A recent article in the Carroll County Times in Westminster, Maryland described neighbors’ resistance to a proposed senior community. A developer had planned a community on 15 acres with 100 units of assisted living and 90 units of memory care, but those plans have been shelved after residents complained about the prospect of increased traffic and noise from sources such as ambulances and garbage trucks. The developer, Marc Silverman, countered that it’s “ridiculous to think that people between the ages of 75- to 80-years-plus walking down a path on a 15.6-acre parcel, sitting under a gazebo, or planting a garden would make too much noise.”
Is Ageism a Factor?
While it hasn’t been reported to be a factor in the case outlined above, the prospect of a nearby Alzheimer’s care community have sometimes frightened local residents. A scathing 2010 article on a New York Times blog was titled A Danger to the Community? and begins, “So much for the stereotype of those nice, welcome Minnesotans.” The article goes onto describe a proposed memory care assisted living community in Woodbury, Minnesota, in the suburbs of Minneapolis–St. Paul. Despite the fact that the community would be secure, residents voiced fears about the safety of their children.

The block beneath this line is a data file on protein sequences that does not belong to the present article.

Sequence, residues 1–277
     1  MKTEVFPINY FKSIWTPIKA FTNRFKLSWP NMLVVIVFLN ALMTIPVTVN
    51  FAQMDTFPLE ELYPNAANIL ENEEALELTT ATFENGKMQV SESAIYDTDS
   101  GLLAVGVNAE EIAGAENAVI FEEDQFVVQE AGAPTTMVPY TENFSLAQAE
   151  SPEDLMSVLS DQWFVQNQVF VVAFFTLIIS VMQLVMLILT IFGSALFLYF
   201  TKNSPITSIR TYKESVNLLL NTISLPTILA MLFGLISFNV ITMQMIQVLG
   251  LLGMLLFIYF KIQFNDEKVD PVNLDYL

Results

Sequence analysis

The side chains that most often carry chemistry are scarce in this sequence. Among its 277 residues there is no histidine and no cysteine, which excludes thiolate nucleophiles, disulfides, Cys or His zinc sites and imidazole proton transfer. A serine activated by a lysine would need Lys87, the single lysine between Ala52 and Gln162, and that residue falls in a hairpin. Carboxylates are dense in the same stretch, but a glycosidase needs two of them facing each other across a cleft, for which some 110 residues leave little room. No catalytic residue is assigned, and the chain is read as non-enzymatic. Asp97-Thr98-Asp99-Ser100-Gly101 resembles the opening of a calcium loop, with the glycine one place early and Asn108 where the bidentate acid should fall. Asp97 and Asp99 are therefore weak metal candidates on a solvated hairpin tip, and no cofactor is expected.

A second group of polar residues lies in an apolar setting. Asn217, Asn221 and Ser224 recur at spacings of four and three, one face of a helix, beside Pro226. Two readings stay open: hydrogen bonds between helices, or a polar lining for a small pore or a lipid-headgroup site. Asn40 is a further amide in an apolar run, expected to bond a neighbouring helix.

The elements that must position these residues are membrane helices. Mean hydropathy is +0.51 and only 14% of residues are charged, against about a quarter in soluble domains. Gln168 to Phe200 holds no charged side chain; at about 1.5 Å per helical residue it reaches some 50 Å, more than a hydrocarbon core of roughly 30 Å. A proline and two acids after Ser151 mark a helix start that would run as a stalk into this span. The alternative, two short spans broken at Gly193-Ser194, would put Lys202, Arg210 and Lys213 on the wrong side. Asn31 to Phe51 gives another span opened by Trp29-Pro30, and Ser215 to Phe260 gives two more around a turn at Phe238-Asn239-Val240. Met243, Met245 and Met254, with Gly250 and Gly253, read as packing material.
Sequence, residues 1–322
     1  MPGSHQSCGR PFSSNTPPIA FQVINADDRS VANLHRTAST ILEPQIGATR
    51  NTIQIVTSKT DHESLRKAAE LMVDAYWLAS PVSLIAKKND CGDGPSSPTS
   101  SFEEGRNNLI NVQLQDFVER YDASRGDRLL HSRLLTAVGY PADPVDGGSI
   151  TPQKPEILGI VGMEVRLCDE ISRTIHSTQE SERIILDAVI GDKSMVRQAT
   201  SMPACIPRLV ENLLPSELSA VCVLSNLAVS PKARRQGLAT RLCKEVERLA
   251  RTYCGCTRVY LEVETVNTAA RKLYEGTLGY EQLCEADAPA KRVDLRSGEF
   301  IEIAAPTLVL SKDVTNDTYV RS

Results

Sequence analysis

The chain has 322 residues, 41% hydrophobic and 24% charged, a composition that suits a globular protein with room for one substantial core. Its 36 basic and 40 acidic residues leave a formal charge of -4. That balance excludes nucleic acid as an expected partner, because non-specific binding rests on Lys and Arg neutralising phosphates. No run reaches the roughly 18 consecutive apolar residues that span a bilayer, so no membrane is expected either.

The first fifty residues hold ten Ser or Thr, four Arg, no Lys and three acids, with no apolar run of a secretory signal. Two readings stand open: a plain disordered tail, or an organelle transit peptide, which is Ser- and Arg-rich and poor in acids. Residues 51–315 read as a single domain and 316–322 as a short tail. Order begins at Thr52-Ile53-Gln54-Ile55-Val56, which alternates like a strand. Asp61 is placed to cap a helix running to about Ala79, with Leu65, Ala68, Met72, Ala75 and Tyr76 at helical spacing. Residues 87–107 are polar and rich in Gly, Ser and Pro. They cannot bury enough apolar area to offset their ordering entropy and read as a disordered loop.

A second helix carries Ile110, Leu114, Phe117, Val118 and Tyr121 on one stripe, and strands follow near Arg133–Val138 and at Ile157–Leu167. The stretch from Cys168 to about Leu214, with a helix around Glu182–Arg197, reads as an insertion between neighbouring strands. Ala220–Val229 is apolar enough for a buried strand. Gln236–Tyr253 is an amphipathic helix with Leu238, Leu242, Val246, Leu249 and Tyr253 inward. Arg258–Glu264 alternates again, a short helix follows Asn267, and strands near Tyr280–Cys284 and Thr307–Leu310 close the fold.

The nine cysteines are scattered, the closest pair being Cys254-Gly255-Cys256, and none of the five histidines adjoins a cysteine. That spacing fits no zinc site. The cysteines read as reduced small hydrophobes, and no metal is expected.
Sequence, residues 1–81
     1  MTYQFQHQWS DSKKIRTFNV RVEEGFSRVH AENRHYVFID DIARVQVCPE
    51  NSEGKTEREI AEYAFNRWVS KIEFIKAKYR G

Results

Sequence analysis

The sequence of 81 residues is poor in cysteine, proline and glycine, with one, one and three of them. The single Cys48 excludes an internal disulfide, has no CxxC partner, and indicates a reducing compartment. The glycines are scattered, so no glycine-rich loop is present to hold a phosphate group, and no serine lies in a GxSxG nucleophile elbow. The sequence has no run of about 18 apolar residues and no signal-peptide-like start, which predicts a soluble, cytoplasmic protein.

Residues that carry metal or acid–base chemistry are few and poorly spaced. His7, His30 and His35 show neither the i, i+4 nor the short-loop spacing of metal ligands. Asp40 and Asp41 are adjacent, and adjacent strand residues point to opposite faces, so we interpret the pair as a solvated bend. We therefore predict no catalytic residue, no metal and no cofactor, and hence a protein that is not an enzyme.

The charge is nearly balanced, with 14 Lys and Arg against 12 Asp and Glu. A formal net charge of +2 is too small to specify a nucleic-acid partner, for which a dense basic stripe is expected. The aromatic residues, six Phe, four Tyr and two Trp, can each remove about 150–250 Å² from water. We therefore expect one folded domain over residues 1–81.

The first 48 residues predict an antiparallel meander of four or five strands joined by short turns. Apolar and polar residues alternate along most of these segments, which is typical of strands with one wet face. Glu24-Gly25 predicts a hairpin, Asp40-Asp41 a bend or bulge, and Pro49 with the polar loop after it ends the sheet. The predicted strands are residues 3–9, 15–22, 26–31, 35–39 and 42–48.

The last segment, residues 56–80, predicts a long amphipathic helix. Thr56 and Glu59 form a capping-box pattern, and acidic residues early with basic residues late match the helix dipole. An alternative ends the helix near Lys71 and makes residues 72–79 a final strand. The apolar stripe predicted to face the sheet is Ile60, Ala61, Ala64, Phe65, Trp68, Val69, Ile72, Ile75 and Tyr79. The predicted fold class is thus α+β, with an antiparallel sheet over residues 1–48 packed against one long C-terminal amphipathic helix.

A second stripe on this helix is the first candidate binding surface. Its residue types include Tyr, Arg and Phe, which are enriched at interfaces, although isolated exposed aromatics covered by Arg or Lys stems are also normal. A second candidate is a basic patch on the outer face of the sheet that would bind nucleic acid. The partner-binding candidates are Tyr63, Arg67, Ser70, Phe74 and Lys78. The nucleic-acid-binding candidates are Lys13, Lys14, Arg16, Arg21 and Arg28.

One parent wrote an email opposing the project, voicing fears that ” “may see/hear inappropriate things from the residents of the facility.”
Another parent argued in an email opposing the project, ” “Would you want your young children to be exposed to potentially physically or sexually aggressive individuals on a daily basis?”
The cases cause pause for thought about whether ageism might be a factor in the resistance to the communities. Indeed, the mayor of Woodbury dismissed criticisms of the project as “fear of the unknown”. Indeed, fear of the unknown has been long been understood to be a primary cause of discrimination.
Of course, in some cases like those described, neighborhoods may have completely legitimate concerns about issues such as traffic and land value. Even so, we we believe neighborhoods should consider the benefits of inter-generational interactions, and also the importance of assuring that care is available to the community’s elderly residents.